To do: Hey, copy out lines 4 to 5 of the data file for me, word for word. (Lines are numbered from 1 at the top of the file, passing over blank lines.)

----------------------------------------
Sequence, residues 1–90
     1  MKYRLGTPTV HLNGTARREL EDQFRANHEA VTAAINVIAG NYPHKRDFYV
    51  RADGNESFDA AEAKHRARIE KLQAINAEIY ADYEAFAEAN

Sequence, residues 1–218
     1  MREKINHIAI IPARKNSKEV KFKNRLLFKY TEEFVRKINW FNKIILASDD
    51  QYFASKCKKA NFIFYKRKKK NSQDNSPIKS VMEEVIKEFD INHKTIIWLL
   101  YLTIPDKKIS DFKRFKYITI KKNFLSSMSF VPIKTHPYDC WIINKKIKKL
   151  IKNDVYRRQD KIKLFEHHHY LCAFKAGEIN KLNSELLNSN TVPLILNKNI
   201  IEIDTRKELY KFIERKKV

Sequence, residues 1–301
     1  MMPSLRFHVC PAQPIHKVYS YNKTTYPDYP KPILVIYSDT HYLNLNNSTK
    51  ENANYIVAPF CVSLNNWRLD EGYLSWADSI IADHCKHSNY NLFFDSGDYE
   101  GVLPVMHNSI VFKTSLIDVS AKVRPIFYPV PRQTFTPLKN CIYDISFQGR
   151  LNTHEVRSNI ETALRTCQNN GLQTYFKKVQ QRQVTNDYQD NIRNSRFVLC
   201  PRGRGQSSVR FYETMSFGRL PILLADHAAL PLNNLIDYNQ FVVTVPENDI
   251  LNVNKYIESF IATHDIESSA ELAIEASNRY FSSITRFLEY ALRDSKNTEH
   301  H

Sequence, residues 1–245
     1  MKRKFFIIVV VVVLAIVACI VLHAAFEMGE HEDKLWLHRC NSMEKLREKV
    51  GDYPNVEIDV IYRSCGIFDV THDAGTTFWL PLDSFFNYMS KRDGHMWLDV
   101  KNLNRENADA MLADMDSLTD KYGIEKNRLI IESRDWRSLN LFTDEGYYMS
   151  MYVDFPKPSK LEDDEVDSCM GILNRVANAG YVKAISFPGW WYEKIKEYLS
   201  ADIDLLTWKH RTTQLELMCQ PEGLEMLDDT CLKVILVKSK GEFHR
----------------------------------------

Sequence, residues 1–218
     1  MREKINHIAI IPARKNSKEV KFKNRLLFKY TEEFVRKINW FNKIILASDD